India’s largest private sector lender ICICI Bank has hit the Chinese debt market for a benchmark issue of about $500 million.
According investment banking sources, ICICI's three-year tenor benchmark issue is to be issued to the offshore Chinese investors and will be denominated in the renminbi or yuan.
An initial pricing guidance of 4.125 per cent has been offered by the bank. The sources, however, did not offer any further details.
This is the third issue by ICICI Bank and makes it the second domestic lender to sell bonds to offshore Chinese investors after IDBI Bank's issue earlier on.
After lying low for the past one month or so, domestic corporates are back to the overseas debt market, according to experts. Meanwhile, rating agency S&P has given a BBB- rating to the senior unsecured renminbi notes.
In a statement from Singapore, Standard & Poor's rating reflects the long-term counter-party credit rating on the bank.
"The proposed notes will constitute direct, unconditional, unsecured, and unsubordinated obligations of ICICI Bank. They shall at all times rank at par among themselves and with all other unsecured obligations of the bank. The proposed notes will be listed on the Singapore exchange," S&P said.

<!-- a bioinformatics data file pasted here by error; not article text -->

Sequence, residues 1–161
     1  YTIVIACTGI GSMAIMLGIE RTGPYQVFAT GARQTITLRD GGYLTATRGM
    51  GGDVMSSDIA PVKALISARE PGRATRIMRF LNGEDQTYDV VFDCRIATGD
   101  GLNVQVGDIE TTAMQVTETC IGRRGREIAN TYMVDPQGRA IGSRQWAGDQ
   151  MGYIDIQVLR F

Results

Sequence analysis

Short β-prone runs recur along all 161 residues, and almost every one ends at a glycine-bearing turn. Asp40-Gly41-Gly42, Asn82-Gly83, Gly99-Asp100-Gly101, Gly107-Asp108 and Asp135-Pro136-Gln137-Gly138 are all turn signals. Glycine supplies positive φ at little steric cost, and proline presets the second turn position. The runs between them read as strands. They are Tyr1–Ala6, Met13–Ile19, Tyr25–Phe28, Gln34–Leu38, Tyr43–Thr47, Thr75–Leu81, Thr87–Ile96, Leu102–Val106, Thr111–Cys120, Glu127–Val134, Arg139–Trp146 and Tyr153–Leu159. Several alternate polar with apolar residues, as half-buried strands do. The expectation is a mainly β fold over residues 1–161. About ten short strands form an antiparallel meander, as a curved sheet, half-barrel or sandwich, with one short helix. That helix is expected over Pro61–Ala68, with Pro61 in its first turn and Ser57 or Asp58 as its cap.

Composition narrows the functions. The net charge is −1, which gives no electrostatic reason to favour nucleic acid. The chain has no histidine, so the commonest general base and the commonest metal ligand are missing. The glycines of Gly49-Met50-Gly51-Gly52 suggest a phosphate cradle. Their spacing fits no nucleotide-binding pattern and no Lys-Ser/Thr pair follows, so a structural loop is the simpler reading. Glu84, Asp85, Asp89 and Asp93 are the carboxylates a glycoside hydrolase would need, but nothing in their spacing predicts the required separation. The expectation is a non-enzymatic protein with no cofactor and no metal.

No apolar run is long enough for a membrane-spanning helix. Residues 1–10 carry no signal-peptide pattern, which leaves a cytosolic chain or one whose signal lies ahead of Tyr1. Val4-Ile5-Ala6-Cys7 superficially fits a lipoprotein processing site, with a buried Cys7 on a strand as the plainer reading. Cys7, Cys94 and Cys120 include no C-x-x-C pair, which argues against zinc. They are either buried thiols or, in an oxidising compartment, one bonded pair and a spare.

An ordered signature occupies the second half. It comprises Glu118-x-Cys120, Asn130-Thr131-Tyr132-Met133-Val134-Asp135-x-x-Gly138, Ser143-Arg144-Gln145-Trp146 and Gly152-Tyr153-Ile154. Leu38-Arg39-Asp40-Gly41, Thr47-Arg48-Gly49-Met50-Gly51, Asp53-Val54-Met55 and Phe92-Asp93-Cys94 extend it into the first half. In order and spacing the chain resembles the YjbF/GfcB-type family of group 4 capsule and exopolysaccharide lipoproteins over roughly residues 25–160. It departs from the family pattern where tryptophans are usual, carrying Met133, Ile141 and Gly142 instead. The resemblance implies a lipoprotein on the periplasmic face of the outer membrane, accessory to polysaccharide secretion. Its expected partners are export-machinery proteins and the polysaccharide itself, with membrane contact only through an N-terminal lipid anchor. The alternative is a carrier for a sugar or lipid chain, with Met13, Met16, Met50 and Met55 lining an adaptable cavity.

It can be noted that since between January and April, over a dozen corporates went on an aggressive debt raising spree, ratcheting up a whopping $11 billion, led by the $1.5-billion double issue by Bharti Airtel and a $800-million perpetual bond issue by Reliance Industries.
That apart, Exim Bank also raised nearly $1 billion in three instalments including the first ever bond sale in Australia, around SGD 500 million by Tata Communication in two installments, HDFC Bank, and a clutch of state-run banks also raised foreign debts during the year.
However, Canara Bank's $1-billion issue is still pending even though it had planned to raise the US dollar money last month-end, sources said.
Domestic companies in the entire 2012 had raised $10 billion. According to i-bankers, companies are mopping up foreign debt as interest rates are at their lowest levels in the Western markets while they are still too high in the domestic market.
At the mid-quarter review of the monetary policy on Monday, the Reserve Bank left the rates unchanged, possibly shutting any room for banks to slash their deposit rates.